The State Bar's Review Department remains unknown to me first-hand, and of it I venture no opinion. That will change, as I filed a Petition for Review. I also filed, as standard procedure, a Hearing Department motion to stay proceedings. Without a stay, the rush of events will moot the interlocutory review, grounded in the irreparable harm following from invasions of privacy unwarranted by proper notice of disciplinary charges, subjecting me to lawless State Bar fishing expeditions. Whether the State Bar has stated a disciplinary charge must be finally determined before the case continues.
As I expected, the Office of the Chief Trial Counsel opposed my motion for a stay. Tenacious procedural obstruction has always been the staple of incompetent lawyers, who, when blessed with power and entrusted with responsibility, seek support for their obstructionism in prevarication. Deputy Trial Counsel Melanie J. Lawrence writes in her opposition, "To date, Respondent has not filed a Response to the NDC." She adds the prevaricating footnote, "By Order dated November 9, 2007, the Court ordered Respondent to file a Response by November 25, 2007."
In fact the Hearing Department judge has always maintained that when the court orders filing a response, it means a responsive pleading. The court has also stated it will not issue advisory rulings. The court did not issue an advisory ruling to answer the NDC, when it ordered a response. Yet the Deputy Trial Counsel shamelessly misrepresents the procedural history to the court. The Rules of Procedure promote these lies, as they allow no reply brief to the Office of Chief Trial Counsel's opposition and provide for no oral argument.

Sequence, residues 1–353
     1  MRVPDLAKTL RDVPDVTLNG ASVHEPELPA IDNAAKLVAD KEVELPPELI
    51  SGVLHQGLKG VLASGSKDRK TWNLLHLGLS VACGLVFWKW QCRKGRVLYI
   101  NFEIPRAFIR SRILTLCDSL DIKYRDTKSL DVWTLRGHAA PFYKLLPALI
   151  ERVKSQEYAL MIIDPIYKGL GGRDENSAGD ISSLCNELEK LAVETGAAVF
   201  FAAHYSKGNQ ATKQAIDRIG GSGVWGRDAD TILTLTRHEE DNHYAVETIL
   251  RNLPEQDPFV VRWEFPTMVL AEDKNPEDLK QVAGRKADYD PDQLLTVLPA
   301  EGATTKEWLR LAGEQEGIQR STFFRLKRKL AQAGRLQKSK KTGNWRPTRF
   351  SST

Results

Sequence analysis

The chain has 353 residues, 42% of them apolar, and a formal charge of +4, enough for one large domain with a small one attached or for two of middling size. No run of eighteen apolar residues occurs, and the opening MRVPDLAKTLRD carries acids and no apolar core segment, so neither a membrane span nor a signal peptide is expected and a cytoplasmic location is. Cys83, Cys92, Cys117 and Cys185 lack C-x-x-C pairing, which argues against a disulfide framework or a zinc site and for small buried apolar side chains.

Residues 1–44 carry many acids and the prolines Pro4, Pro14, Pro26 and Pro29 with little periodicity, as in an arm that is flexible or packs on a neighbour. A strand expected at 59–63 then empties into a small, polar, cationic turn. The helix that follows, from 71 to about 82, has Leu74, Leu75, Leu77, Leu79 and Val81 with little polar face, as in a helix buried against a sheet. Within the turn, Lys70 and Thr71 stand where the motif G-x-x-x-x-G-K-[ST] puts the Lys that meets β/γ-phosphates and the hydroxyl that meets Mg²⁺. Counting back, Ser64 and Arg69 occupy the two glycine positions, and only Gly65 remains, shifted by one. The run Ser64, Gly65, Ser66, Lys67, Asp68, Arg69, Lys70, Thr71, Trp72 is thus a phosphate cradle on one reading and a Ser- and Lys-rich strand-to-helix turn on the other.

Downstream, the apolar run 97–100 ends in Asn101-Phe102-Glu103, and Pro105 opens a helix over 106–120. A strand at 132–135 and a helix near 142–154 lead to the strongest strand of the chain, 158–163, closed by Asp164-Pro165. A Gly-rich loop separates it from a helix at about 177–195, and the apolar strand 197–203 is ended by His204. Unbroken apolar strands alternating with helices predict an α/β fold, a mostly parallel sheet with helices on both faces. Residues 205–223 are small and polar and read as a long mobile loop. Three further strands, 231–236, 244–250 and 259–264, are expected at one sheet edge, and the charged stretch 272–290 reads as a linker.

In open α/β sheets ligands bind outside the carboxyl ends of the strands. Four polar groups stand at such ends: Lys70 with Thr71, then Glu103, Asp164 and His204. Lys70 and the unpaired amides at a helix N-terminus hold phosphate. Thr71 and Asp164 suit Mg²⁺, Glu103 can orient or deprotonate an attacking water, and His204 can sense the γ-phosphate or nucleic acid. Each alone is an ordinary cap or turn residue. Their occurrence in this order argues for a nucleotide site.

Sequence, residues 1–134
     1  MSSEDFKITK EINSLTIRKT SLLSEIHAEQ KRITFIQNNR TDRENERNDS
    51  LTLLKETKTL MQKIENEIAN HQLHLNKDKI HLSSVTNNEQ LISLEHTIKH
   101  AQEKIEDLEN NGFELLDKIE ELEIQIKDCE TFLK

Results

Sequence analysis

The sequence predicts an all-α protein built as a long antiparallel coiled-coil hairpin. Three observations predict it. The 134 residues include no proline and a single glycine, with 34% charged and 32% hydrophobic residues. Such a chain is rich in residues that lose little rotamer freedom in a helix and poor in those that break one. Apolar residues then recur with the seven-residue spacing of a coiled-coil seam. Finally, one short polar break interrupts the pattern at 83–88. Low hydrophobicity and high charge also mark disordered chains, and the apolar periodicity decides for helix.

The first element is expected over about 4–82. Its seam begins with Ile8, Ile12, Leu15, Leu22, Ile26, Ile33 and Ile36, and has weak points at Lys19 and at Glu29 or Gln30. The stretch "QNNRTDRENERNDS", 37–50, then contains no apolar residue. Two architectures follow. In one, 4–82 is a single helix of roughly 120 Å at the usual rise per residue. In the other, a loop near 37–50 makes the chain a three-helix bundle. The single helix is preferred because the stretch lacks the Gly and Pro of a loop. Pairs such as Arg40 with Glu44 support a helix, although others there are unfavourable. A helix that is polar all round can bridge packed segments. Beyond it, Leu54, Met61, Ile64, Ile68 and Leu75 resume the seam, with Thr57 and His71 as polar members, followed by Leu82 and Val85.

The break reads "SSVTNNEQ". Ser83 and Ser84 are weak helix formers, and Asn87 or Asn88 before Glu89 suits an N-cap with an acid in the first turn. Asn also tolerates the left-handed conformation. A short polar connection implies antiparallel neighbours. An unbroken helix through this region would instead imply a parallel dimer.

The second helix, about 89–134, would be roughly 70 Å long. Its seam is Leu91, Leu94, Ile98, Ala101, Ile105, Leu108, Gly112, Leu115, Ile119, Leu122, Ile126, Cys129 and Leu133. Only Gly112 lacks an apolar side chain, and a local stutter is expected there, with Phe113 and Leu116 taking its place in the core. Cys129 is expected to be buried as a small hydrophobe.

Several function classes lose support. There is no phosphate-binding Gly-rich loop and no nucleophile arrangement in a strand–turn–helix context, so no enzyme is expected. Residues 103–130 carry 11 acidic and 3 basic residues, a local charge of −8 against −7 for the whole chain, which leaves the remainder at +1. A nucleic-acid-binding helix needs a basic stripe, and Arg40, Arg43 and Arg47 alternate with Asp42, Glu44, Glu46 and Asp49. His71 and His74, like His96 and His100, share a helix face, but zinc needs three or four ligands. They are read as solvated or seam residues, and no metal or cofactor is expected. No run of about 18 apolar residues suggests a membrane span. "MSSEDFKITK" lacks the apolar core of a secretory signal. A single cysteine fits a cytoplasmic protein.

So far I have violated no State Bar rules or California laws. Now readers shall get to witness an actual violation, although I maintain applying the rule here is unconstitutional. The rule states that settlement conference briefs are confidential, but I am going to disclose what Deputy Trial Counsel stated in her settlement brief. I shall disclose this confidential information because restraining my speech constrains my rights. Deputy Trial Counsel lied in her settlement proposal. She thought her lies would escape detection, because she knew I would not submit a rebuttal or attend the conference, consistent with my contending the court's ruling on November 9 stayed the proceeding until November 25.
Lawrence grasped at the opportunity to lie to the refereeing court. The distortions were numerous, but the overt lie concerned what are termed mitigating factors. Lawrence stated there were none, a lie.She knows of major mitigating factors, as I abundantly acquainted Lawrence with them, not as mitigating factors but as evidence of innocence:
- Immediately upon discovering the fraud by staff, I closed my law office.
- After recognizing that handling money is not my forte, I have not represented clients.
Mitigating factors do not concern me, because they apply only where guilty. Lawrence, however, lies about the mitigating factors to blacken my reputation with the judges and portray me as conscienceless.
Prosecutors are supposed to show greater ethical constraint than civil plaintiffs. Bar prosecutors, entitled to a measure of co-operation from respondents, might be expected to reciprocate by showing, not honesty, but a reluctance to perpetrate gross lies and deceit. Lawyers expecting respect for truth when they face the California State Bar are naive about that bureaucratic parasite.